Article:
Texas Rangers File for Bankruptcy

(Reuters) – The Texas Rangers baseball team filed for Chapter 11 bankruptcy protection on Monday to ease the sale of the team to a group led by team president and Hall of Fame pitcher Nolan Ryan for about $575 million.

The “prepackaged” filing calls for creditors to be paid in full, and has the support of Major League Baseball, current Rangers ownership and Ryan’s group.

Rangers Baseball Express, the group led by Ryan and his partner Chuck Greenberg, a Pittsburgh-based lawyer at Pepper Hamilton LLP, is also buying the lease for the Rangers’ Ballpark in Arlington, as well as nearby land.

According to the Rangers, the plan would fully pay lenders of HSG Sports Group, an ownership group led by longtime private equity executive Thomas Hicks that bought the team in 1998 from investors including then-Texas Governor George W. Bush.

The Rangers filed for Chapter 11 protection from creditors with the U.S. bankruptcy court in Fort Worth, Texas.

Alex Rodriguez, now the New York Yankees’ third baseman, is the team’s largest unsecured creditor, the filing shows.

The bankruptcy filing is “the best way to complete the sale and smoothly transition to new ownership, which we expect will occur by midsummer,” Ryan said in a statement. He said the bankruptcy will not affect day-to-day operations.

In a statement, Baseball Commissioner Bud Selig added that the bankruptcy filing “serves the best interests of the team, its fans, Major League Baseball and all other parties.”

It was not immediately clear whether Rangers creditors would agree to the Chapter 11 plan. Lenders to the Hicks group had declared a default on $525 million of loans in April 2009.

Earlier this month, The New York Times said the top lender, Monarch Alternative Capital LP, told baseball owners that lenders would not agree to a sale to Ryan’s group “at a price below fair market value.”

Monarch, which is based in New York, did not immediately return a request for comment.


Hicks co-founded private equity firm Hicks, Muse, Tate & Furst Inc, and would remain chairman emeritus of the Rangers should the bankruptcy plan be approved. He also owns half of the English Premier League’s Liverpool soccer club.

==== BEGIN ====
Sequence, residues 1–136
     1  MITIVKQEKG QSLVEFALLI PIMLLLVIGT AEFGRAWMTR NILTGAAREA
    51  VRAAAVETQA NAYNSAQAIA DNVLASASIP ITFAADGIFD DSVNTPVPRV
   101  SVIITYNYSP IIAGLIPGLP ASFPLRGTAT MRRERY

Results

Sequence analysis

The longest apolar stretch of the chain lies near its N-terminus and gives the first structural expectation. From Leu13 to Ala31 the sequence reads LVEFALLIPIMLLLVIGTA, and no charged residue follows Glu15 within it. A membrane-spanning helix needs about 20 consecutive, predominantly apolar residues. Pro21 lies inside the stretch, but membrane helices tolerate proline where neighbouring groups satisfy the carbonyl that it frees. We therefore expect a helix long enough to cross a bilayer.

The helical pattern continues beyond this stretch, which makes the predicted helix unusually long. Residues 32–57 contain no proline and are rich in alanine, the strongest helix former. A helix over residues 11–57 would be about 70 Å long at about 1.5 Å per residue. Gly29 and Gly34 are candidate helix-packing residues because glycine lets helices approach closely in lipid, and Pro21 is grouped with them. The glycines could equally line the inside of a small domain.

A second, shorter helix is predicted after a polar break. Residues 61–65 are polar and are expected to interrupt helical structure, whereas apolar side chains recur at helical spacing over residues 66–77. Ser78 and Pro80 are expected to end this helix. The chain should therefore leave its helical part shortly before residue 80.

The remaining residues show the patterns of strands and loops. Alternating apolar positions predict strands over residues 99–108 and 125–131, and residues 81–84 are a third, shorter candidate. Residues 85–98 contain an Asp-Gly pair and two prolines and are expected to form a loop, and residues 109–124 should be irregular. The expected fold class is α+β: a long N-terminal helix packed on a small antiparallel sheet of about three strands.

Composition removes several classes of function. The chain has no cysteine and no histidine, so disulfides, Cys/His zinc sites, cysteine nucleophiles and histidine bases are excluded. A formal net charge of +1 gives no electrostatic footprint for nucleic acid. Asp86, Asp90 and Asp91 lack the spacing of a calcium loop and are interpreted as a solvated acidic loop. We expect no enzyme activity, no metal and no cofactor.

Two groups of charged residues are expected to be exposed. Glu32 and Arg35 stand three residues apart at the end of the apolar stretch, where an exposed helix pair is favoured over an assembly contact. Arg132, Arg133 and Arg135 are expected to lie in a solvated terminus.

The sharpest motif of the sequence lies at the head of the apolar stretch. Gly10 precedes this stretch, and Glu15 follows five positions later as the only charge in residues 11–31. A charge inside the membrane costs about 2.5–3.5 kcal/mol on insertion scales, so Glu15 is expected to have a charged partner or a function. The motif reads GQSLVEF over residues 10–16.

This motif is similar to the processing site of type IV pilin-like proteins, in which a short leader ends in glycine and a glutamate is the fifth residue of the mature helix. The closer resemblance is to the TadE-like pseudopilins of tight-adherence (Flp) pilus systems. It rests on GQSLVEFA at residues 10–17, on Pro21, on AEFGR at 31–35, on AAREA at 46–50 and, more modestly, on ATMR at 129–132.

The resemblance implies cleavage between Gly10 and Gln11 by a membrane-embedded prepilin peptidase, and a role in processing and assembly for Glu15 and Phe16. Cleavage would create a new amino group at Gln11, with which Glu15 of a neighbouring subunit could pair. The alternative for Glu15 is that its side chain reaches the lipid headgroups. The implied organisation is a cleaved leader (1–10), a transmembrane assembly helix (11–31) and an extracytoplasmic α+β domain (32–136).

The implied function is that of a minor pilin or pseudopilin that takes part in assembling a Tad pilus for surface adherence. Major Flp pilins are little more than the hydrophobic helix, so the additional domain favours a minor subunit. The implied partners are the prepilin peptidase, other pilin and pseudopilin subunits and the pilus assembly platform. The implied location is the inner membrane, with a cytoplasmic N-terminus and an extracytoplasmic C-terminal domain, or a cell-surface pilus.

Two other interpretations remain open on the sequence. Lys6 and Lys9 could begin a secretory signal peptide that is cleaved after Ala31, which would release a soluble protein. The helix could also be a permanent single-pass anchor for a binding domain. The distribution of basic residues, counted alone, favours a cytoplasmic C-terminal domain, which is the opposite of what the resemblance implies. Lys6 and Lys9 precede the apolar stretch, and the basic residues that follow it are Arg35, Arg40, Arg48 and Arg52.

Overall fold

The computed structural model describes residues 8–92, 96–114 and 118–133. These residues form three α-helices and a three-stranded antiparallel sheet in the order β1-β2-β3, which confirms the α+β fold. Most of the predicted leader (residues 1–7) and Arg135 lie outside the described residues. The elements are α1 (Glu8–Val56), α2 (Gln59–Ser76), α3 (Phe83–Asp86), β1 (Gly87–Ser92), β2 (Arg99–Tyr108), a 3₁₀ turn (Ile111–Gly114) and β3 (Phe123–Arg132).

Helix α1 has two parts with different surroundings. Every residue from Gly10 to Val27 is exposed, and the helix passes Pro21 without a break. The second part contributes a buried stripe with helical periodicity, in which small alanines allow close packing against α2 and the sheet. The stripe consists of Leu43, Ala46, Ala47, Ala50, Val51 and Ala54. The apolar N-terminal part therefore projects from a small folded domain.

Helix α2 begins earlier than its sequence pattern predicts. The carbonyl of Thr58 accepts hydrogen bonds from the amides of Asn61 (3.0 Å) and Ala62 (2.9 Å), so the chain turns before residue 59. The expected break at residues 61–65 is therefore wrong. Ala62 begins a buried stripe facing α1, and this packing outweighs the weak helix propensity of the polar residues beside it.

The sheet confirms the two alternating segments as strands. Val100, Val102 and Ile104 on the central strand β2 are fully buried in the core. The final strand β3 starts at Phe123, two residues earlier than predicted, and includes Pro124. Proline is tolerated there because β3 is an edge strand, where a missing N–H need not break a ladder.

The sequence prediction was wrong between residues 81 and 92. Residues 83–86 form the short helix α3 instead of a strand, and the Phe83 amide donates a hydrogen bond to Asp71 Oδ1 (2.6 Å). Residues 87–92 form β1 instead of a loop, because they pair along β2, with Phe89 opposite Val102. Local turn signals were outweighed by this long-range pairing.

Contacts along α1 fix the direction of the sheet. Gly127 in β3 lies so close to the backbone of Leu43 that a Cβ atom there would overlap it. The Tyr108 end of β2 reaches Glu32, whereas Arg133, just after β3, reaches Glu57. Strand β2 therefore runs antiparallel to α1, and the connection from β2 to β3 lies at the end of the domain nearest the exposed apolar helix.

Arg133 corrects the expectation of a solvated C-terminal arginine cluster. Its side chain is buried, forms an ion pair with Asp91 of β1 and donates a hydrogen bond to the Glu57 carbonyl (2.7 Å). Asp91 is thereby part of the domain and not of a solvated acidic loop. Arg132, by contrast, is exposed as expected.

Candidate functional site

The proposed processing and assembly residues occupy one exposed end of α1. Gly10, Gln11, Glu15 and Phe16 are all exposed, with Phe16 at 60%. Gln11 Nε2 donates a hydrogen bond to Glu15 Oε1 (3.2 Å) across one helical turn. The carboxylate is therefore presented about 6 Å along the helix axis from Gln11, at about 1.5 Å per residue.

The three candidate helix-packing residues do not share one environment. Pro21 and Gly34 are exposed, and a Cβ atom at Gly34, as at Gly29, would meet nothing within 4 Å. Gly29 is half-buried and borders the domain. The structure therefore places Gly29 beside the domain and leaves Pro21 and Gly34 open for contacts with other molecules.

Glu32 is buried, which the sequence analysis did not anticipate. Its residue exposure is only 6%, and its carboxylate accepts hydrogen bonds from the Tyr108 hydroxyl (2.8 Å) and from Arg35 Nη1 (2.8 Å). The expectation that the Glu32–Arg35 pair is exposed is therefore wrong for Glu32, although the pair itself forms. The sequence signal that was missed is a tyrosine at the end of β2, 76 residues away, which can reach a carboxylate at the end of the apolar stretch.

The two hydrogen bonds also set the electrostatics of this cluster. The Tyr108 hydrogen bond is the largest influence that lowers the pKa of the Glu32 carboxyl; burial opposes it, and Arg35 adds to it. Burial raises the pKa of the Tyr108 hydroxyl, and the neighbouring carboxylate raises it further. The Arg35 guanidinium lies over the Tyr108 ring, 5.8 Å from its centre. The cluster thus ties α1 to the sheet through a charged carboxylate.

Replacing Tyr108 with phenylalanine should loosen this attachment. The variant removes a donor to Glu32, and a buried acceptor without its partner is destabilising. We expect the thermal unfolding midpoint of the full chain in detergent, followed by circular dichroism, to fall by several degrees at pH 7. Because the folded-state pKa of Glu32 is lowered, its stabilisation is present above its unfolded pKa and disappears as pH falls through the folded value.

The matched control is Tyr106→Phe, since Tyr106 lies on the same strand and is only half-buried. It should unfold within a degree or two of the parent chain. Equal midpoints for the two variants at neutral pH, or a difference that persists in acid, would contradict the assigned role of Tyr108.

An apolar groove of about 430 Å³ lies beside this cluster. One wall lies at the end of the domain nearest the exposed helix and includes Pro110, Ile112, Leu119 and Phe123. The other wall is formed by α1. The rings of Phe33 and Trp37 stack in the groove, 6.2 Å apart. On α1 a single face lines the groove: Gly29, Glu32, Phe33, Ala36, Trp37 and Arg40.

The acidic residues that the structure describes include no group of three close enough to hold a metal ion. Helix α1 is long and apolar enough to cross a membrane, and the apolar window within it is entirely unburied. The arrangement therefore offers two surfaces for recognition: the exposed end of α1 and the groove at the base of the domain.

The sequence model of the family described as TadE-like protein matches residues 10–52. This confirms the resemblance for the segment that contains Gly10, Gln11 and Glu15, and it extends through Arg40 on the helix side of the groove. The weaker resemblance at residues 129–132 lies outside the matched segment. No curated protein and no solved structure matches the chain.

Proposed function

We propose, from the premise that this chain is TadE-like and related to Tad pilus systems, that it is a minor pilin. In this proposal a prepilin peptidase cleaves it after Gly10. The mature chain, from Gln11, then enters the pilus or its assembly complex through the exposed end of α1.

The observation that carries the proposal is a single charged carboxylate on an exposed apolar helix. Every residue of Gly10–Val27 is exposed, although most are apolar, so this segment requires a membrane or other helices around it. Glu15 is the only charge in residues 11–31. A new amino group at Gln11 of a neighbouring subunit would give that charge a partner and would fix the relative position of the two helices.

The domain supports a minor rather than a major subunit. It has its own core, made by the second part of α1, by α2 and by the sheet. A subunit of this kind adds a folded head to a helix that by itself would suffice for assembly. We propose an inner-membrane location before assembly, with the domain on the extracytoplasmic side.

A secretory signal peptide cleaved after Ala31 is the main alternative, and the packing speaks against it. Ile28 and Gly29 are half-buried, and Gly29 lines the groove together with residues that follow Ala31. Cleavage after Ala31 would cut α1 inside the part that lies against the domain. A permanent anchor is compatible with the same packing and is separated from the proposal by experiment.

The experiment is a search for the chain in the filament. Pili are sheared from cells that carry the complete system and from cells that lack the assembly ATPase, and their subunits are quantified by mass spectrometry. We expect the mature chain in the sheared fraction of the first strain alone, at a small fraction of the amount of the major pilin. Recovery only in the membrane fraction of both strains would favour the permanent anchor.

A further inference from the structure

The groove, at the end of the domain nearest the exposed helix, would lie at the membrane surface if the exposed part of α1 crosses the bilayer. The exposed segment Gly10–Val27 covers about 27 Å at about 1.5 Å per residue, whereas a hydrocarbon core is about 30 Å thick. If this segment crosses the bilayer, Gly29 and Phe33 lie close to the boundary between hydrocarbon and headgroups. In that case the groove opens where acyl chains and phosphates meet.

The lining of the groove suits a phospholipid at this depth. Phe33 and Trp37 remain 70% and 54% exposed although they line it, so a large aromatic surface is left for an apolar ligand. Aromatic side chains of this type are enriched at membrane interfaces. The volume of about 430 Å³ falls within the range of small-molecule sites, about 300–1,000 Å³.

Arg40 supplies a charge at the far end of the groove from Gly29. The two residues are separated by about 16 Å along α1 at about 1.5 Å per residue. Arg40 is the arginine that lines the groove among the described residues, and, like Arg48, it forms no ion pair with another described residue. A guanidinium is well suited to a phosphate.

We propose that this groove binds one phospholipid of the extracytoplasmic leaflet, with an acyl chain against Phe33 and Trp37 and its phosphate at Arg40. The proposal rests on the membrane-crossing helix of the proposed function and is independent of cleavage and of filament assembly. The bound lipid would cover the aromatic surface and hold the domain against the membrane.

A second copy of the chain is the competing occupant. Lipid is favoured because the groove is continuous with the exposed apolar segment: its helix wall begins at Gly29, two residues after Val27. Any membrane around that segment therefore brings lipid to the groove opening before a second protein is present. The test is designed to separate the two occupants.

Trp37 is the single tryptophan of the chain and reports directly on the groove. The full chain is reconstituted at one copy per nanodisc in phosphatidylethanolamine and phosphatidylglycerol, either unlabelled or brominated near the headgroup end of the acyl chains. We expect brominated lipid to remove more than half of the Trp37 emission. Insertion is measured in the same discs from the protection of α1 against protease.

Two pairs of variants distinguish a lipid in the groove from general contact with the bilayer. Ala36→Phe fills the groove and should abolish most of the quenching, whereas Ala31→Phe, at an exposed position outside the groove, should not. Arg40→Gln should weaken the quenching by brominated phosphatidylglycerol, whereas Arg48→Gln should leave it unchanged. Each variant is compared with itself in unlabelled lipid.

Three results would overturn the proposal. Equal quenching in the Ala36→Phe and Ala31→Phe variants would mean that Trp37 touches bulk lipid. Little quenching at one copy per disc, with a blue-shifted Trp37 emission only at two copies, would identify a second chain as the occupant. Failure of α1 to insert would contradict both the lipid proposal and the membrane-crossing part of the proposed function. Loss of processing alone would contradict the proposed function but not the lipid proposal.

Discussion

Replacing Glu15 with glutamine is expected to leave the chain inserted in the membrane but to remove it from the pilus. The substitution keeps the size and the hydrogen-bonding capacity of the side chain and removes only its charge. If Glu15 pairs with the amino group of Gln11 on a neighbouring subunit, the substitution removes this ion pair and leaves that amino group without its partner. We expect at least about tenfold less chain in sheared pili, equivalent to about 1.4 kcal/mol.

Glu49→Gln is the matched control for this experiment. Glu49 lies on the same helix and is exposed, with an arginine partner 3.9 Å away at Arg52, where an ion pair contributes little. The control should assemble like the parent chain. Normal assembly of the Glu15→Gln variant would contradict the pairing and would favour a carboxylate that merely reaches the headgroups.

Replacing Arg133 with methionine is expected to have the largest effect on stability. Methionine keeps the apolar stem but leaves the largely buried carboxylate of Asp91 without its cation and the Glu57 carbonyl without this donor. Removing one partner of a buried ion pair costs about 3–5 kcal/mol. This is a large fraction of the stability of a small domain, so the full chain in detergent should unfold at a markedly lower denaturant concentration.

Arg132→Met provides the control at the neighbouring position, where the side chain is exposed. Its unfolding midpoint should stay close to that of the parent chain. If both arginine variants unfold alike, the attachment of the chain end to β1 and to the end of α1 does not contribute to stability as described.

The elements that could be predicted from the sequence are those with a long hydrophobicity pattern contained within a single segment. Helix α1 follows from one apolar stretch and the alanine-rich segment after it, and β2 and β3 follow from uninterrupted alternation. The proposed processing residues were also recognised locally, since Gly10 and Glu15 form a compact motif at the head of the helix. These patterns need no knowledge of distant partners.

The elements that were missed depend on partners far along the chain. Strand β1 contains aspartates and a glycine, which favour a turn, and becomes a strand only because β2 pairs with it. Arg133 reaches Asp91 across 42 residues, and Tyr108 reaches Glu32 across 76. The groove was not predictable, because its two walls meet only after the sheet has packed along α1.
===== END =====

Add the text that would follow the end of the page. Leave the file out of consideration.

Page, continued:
The Rangers are the second Major League Baseball team to seek bankruptcy protection in the last year.

In October, the Chicago Cubs filed for court protection in connection with the team’s $845 million sale by Tribune Co to the family of Tom Ricketts, whose father founded the brokerage TD Ameritrade Holding Corp (AMTD.O).

Forbes magazine this year estimated that the Rangers and the ballpark lease are worth a combined $480 million.

Rodriguez signed a 10-year, $252 million contract with the Rangers in 2000. The team traded him to the Yankees in 2004, but agreed to pay an estimated $67 million of the amount still due under his contract.

Scott Boras, the agent for Rodriguez, did not immediately return a call seeking comment.

According to the bankruptcy filing, the Rangers have between $100 million and $500 million of assets and between $100 million and $500 million of liabilities.

Ryan pitched in the major leagues for 27 years, including five for the Rangers. He retired after the 1993 season.

The case is In re: Texas Rangers Baseball Partners, U.S. Bankruptcy Court, Northern District of Texas, No. 10-43400. (Reporting by Jonathan Stempel in New York and Santosh Nadgir in Bangalore; Editing by Robert MacMillan and Gerald E. McCormick)